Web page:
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Remembering Sensei



Sensei Ajari was the most infuriating man I ever met.

He was a complete narcissist. My friend Bob, no mean karate warrior himself, used to joke about “the legend of Ajari—in his own mind.” But Ajari had reason to think highly of himself. He was an eighth dan Wadokai Wadoryu karateka, the highest-ranked in North America. He had studied under Wadoryu’s founder, Hironori Otsuka, who himself was a senior student of Gichin Funakoshi, the founder of modern karate. So that was really something, and Ajari never let us forget it.

He demanded much of his students, although no more, and probably less, than was demanded of him, when he was coming up, in pre-war Tokyo. One Christmas, we, the senior members of the dojo, gave him a fax machine for a present. Big mistake. Every night, around 11 p.m. and into the wee hours, the noisy WHHHRRRRRR would awaken me. A drunken Sensei was faxing more of his “philosophical observations” for me to edit and word-process. His chicken scrawl was virtually indecipherable. Yet I knew he would expect the pages, neatly printed out and lovely to read, at our next class. I can’t tell you how many hours I spent working on those essays. He even made me work every Saturday at the YMCA kids’ class.

If you were looking for compliments, though, Sensei was not the guy. I won a kata competition in my very first karate tournament. So proud and excited! The event was in a high school gym, and Sensei, who was judging something else, had not been watching. I ran over to him and said, “Sensei! I won!”

I don’t know what I was expecting, but Sensei just gave me that look—cold, imperious—and replied, in his Japlish, “I guess judges make mistake.” Then he turned his back and walked away, leaving me standing there, feeling baffled and foolish. But he had taught me something. Never expect praise!

The opposite—“never expect blame”—was not true. Sensei could be harsh, extremely so. Rude, insulting, intemperate. My sempai—my seniors, the black belts who came before me—told me that Sensei had trained upwards of 1,000 black belts over a 40-year career, and almost every one of them had quit his dojo, in anger and sadness, because of Sensei’s meanness. Much later, I came to do the same thing.

Yet he could be the most endearing of men; “Ajari stories” were fixtures of generations of his pupils; everybody had one. I once was thrown, during a practice, and dislocated my index finger. It looked horrible. I went to Sensei to show it to him. Without preamble, he grabbed my hand, gave the finger a yank, and straightened it out. “Finger fix,” he announced. Mister Miyagi.

When I got my shodan black belt, Sensei proclaimed “old Japanese custom. Now black belt take Sensei out.” That meant: Sensei consumes massive quantities of nigiri and sake, and black belt pays! We used to go to a local sushi joint in my Oakland neighborhood. Once, he pointed to one of the itamae and told me, in a whisper, “That guy yakuza.”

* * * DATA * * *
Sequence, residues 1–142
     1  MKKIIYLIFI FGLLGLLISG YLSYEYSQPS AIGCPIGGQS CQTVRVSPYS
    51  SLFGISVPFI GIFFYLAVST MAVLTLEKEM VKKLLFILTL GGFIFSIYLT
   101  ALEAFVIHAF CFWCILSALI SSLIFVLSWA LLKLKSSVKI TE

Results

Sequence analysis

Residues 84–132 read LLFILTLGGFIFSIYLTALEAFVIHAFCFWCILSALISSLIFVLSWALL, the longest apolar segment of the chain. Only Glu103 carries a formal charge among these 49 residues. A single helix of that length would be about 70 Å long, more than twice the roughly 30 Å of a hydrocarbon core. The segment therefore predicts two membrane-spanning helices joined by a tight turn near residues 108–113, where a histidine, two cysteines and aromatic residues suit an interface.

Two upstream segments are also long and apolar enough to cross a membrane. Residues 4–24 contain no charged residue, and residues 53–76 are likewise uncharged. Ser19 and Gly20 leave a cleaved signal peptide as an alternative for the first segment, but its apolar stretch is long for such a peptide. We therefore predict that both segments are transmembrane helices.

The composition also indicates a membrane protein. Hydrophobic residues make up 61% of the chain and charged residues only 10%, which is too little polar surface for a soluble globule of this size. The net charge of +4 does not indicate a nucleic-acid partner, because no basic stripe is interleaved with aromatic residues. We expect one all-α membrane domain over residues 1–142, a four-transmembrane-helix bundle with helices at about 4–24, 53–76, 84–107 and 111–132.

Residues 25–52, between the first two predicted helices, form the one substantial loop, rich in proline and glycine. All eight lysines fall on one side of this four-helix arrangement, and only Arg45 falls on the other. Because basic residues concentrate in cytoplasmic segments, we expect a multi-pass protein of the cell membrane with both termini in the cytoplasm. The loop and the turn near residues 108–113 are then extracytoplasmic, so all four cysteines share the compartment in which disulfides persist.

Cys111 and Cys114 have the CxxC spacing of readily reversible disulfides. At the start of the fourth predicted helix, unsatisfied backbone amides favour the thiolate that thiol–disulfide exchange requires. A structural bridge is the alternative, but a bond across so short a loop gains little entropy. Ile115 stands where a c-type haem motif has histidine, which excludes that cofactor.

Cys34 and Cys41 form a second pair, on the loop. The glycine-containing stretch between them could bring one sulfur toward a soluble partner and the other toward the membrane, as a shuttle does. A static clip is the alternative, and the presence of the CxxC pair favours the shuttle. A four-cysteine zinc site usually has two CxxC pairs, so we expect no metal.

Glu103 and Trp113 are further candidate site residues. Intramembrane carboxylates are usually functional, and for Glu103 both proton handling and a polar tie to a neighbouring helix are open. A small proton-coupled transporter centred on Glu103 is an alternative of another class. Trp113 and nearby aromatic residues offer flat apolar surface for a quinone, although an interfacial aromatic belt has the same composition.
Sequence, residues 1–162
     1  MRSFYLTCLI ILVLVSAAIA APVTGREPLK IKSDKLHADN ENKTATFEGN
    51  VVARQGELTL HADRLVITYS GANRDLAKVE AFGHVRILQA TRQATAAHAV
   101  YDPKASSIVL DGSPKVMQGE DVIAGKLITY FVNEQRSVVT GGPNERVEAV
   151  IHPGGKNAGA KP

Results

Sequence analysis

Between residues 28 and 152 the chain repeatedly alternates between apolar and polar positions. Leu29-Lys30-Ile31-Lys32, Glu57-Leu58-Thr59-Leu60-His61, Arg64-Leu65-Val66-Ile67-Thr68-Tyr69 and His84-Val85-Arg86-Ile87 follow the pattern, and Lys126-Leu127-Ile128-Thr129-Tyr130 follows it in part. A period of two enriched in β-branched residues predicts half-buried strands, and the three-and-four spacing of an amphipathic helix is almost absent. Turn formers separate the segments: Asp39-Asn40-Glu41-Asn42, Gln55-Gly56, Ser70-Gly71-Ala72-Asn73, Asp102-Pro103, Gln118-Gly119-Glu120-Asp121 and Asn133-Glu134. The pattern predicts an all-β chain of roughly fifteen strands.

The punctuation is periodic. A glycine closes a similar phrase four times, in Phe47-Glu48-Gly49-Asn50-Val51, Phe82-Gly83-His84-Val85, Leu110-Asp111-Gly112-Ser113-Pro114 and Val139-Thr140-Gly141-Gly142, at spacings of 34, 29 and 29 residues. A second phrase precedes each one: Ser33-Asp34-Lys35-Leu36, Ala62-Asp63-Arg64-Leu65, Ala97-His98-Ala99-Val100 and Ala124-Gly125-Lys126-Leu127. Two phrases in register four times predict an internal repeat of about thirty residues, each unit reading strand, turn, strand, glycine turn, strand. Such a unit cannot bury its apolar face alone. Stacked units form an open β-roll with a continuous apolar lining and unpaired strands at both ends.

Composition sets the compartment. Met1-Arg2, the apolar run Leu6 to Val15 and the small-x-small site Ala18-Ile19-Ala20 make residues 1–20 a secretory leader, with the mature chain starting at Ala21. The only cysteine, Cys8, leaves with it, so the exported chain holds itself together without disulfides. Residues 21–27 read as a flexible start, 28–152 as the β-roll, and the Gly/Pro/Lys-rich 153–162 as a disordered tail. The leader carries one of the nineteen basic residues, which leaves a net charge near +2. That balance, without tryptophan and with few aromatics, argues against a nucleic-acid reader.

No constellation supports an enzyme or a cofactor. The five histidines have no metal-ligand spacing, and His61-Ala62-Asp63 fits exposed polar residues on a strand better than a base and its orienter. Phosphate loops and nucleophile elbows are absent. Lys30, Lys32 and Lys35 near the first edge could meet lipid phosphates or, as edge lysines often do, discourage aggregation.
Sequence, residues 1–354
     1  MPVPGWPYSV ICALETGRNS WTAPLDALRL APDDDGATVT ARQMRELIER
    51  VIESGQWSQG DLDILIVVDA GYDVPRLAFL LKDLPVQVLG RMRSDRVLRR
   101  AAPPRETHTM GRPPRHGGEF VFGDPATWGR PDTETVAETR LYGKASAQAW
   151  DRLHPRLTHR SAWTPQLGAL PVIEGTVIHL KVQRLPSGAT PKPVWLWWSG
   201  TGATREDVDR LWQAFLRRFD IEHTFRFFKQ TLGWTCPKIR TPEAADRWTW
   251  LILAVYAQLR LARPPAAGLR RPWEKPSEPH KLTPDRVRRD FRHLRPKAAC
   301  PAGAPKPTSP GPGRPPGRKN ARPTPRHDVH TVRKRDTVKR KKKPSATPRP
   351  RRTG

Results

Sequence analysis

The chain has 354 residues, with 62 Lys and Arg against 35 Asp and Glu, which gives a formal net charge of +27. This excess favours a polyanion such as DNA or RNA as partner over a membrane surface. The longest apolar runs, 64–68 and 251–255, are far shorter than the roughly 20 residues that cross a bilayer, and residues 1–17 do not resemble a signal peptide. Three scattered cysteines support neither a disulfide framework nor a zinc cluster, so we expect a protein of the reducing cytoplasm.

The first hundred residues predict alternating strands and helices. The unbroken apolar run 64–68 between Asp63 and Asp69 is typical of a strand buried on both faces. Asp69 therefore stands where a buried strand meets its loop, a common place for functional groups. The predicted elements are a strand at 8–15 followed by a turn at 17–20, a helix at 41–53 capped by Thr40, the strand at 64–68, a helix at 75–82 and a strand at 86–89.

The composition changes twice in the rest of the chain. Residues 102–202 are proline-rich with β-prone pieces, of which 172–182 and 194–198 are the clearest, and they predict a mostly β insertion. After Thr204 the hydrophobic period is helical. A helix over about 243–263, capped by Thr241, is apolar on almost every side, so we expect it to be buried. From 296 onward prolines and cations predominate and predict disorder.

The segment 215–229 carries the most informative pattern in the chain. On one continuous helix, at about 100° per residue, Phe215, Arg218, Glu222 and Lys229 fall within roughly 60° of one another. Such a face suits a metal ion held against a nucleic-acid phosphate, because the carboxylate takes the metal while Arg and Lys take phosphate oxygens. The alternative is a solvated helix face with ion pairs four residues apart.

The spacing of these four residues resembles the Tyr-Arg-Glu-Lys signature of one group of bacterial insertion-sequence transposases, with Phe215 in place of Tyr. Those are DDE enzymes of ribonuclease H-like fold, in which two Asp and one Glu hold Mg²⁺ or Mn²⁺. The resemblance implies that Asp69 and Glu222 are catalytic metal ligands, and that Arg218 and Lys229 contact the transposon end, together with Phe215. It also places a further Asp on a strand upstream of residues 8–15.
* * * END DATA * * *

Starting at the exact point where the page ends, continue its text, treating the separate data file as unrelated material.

“Really, Sensei? Japanese mafia?” Only I said it out loud. Sensei immediately panicked. “Shh! No say loud.” But I never saw him worry about anything. If anything, he became obstinate and combative when challenged.

Those sushi dinners were really something. He would consume a magnum of sake over the course of a meal. Since he lived in El Cerrito, we would never let him drive home; he could barely walk, much less negotiate a car at night. So one of us would drive him, or take him to BART and hope he could find his way.

The breaking point for me was on the night Ken was going for his black belt. I was Ken’s sempai. He was my kohai—junior. He was my responsibility. They explain the sempai-kohai relationship to you very early when you start karate. It is simple, based on militaristic principles. The kohai must obey the sempai without question. And yet the sempai must show lovingkindness to the kohai and always keep his welfare in mind.

In the days and weeks leading up to Ken’s dan, I repeatedly asked him if he desired my help. Part of the test involves the black belt candidate teaming up with another student to explain the meaning of the moves in a particular kata. This is called “bunkai,” or analysis. A move might involve rotating the right arm, bent at the elbow at 90 degrees, hand in a fist, and sweeping it clockwise across the chest and face, followed immediately by a 90-degree rotation of the body to the left and a similar sweeping movement of the left arm. The candidate knows the theoretical meaning of these moves; in the dan, he must demonstrate how they function against an actual opponent.

Bunkai is not easy and requires practice. If both partners know what they’re doing, bunkai is beautiful to see, like a graceful dance, a pas de deux of attacks and blocks and counter-attacks. If the partners don’t know what they’re doing, it’s ugly. I had explained to Ken that he had to practice his bunkai with another student, and he had promised that he would do just that.

Well, the big night came. Ken’s did all his required performances—the kihon, the kata, the theoretical, the jiyukumite–as the three judges, led by Sensei, watched, and then it was time for his bunkai. Ken turned to me, bowed, and asked me to be his bunkai partner. I had not known he would do that! I had expected him to have chosen someone else—Mikhail, probably, who was just below me in the pecking order. Now, suddenly, I had to take the floor and go through 45 kata moves with Ken, completely unrehearsed.